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We returned to each parish with a broad vision for our coast, including more specific visions for communities according to low, moderate and high flood risk. Residents evaluated these visions and prioritized more detailed strategies in table discussions.
In the Round 3 meeting, the project team presented an overall vision based on the combination of three criteria: The vision residents described at previous community meetings, current and future environmental conditions and the best planning practices.
At the meetings, residents engaged in a series of instant polling questions using a real-time polling tool, and then evaluated the overall vision presented by the project team. Then, they reviewed and gave preference feedback on a wide range of strategies that the project team is considering for inclusion in the final plan. Residents used stickers to indicate which strategies are the best fit for their parish and added more ideas and comments.
Activity two focused on the range of projects, programs and policies that residents had proposed according to low, moderate and high flood risk in previous meetings. Residents discussed the strategies shown and used green and red stickers to indicate which strategies they liked or disliked for each of those flood risk levels.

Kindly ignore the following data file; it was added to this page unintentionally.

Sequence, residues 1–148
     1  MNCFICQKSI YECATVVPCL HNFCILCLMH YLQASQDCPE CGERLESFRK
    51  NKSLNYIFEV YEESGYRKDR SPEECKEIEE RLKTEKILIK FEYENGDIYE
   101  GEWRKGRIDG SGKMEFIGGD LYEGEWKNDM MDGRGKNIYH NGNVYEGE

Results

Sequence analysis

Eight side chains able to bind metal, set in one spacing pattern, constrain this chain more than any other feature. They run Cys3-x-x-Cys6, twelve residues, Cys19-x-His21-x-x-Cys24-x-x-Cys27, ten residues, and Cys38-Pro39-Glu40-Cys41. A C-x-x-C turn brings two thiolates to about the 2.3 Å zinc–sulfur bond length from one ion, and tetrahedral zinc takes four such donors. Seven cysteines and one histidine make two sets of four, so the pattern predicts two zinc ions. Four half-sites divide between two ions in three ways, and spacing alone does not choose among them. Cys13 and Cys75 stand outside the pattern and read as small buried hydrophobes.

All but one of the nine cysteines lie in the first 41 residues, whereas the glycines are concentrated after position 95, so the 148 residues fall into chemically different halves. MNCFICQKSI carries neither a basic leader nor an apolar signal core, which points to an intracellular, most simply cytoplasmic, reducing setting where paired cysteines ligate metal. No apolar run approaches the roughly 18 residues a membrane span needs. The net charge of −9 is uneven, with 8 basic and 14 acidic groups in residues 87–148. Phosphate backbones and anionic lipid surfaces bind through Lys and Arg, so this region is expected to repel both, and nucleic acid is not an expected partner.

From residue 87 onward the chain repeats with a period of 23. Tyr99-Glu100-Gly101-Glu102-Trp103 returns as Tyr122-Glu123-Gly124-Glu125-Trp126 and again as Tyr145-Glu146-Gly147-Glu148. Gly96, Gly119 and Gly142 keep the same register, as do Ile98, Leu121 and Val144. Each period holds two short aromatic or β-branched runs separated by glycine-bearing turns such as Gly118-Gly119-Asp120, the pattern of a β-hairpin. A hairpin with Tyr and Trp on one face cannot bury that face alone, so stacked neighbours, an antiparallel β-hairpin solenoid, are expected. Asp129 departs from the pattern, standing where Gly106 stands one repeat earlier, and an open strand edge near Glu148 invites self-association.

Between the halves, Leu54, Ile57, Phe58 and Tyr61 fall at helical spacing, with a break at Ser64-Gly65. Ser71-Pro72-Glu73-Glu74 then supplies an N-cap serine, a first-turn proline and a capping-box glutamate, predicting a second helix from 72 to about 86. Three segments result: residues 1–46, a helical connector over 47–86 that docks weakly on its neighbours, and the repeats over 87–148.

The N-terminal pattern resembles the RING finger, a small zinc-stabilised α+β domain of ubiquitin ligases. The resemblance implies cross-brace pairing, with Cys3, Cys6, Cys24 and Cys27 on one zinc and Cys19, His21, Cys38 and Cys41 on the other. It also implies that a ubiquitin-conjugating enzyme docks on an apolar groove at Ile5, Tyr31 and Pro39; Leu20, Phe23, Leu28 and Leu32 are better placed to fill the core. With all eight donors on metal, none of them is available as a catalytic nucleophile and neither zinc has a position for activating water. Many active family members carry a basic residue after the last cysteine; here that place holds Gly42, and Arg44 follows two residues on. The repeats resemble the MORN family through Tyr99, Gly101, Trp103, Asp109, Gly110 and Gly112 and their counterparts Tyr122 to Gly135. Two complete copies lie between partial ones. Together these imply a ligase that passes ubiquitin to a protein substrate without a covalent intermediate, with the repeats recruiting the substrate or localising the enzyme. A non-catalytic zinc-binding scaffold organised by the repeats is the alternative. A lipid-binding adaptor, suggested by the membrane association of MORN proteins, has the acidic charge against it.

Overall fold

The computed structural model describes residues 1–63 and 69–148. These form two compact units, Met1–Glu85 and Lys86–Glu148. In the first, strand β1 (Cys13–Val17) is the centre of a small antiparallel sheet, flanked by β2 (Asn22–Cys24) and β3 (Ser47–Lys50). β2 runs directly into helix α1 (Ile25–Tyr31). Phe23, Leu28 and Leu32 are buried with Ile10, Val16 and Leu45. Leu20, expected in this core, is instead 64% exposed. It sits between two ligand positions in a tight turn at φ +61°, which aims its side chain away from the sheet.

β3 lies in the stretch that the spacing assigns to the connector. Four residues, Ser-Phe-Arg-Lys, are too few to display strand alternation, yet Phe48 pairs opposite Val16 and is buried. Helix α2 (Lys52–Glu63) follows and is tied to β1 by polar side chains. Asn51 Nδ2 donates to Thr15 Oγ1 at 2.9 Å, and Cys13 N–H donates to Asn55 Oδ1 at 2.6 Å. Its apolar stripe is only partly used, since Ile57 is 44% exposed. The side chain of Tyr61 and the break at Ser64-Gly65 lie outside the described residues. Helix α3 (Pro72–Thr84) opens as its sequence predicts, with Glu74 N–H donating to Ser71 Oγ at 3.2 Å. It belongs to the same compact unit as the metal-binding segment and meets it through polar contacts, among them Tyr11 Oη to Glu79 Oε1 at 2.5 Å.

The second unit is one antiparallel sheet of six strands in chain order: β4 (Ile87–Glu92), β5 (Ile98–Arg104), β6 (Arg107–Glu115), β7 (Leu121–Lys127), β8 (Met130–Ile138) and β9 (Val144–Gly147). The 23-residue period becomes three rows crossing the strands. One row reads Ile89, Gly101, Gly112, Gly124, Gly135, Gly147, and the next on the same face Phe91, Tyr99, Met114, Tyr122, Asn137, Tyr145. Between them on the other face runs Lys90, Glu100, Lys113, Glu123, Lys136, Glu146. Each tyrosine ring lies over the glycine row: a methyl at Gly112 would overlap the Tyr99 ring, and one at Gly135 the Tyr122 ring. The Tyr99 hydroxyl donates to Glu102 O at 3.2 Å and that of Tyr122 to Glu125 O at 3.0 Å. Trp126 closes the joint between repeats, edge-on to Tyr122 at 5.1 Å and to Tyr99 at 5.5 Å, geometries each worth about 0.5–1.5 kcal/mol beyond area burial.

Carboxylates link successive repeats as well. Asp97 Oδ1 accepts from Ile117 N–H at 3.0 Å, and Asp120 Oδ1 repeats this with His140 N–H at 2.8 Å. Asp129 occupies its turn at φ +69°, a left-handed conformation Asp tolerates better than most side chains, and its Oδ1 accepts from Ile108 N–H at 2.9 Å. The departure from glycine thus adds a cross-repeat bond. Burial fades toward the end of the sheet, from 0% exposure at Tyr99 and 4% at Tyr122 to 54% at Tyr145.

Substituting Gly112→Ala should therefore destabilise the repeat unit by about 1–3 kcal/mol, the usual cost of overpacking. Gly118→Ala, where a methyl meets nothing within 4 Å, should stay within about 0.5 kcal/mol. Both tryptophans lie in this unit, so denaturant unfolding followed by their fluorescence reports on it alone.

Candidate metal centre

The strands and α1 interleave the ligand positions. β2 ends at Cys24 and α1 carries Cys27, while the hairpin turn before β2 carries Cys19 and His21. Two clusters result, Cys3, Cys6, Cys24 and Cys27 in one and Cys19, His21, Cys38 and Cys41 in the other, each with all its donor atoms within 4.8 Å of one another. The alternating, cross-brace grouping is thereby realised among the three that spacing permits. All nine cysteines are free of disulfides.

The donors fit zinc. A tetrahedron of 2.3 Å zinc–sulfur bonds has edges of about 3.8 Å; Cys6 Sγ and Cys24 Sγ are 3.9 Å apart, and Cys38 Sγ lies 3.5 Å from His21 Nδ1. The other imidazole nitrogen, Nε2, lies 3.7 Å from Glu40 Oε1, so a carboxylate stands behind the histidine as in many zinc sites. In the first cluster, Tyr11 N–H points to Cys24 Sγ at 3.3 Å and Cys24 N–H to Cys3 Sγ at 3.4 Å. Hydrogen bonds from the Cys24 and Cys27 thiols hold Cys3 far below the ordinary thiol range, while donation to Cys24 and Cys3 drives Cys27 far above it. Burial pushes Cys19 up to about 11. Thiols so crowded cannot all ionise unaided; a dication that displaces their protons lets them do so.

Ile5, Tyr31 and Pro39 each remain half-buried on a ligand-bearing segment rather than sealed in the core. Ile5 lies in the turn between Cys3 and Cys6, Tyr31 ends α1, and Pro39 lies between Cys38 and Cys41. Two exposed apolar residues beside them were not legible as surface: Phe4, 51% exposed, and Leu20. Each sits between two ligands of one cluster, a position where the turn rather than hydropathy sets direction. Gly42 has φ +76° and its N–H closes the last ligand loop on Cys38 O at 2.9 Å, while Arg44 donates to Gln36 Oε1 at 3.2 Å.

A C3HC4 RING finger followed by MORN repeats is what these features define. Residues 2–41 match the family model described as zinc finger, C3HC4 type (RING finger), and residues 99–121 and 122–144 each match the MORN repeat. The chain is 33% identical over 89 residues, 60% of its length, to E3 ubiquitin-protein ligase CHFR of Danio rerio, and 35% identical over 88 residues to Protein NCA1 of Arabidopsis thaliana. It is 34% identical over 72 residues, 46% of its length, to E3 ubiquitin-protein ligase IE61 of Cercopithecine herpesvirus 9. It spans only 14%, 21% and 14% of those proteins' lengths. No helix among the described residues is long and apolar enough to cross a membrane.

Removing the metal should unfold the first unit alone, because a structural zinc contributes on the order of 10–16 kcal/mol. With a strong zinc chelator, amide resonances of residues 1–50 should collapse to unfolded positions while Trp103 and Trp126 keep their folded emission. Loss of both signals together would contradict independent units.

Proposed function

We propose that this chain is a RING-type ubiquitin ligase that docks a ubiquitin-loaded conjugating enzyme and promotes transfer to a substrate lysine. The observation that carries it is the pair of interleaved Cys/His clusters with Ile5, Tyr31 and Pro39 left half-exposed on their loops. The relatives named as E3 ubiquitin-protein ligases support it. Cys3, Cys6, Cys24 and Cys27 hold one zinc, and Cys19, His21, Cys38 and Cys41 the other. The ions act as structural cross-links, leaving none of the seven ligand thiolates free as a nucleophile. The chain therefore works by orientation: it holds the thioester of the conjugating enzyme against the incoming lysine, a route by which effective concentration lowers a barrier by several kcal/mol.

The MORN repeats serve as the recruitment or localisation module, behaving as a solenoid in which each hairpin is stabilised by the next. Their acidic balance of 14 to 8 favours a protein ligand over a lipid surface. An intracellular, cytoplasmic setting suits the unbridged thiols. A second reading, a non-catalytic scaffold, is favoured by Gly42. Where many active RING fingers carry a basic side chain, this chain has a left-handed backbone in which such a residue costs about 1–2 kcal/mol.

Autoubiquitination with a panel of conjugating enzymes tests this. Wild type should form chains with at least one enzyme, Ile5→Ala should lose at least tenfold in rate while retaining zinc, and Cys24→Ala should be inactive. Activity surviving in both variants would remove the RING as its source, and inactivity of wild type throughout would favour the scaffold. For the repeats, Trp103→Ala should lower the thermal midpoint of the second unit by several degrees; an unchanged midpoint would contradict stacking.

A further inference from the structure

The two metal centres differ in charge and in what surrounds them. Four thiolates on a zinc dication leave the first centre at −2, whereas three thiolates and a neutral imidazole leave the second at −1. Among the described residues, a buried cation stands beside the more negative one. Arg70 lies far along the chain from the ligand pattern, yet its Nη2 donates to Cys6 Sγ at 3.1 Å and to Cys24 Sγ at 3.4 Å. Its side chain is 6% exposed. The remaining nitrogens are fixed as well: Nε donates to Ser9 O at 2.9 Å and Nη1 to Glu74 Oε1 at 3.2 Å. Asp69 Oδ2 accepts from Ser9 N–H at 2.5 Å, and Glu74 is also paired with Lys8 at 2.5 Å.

In Terrebonne Parish, a strong majority of residents agreed or strongly agreed with the visions presented for the parish. At the Terrebonne meeting, the most selected strategy across all categories was “Summer Camp Restoration Program”, which reinforces the parish’s focus on educating the youth to be proactive about preserving the coast. Residents’ selections were very balanced across the Transportation and Housing & Development topics. They see the need for a variety of transportation services including complete streets, bus transportation, bridges and boat docks. They also want to see safe, affordable and elevated homes with nearby services. However, there was a strong disdain for “High Density Housing”, receiving as many red stickers as the top choices in the same category. In the Stormwater Management & Greenspace and the Education, Economy, & Jobs categories, residents emphasized not only protecting against the present flooding issues but being proactive about the future of the parish. Residents want culvert maintenance and a cross-parish stormwater management strategy. Simultaneously, they are drawn to job training programs, particularly in coastal restoration and renewable energies.
We held 21 meetings at 19 locations within the six pilot parishes. Residents recommended short-term, medium-term and long-term strategies according to projected low, moderate and high flood risk across LA SAFE parishes.
551 participants | 3,300 ideas
The Round 2 LA SAFE meeting focused on conversations in smaller communities. These meetings occurred in 19 specific towns and places suggested by residents in the first round of meetings. Three of the meetings were for non-English speaking communities. These smaller meetings allowed the team to present a more in-depth view of the social, environmental and economic trends in each community, and to conduct a more focused conversation about adaptation strategies to address increased flood risk.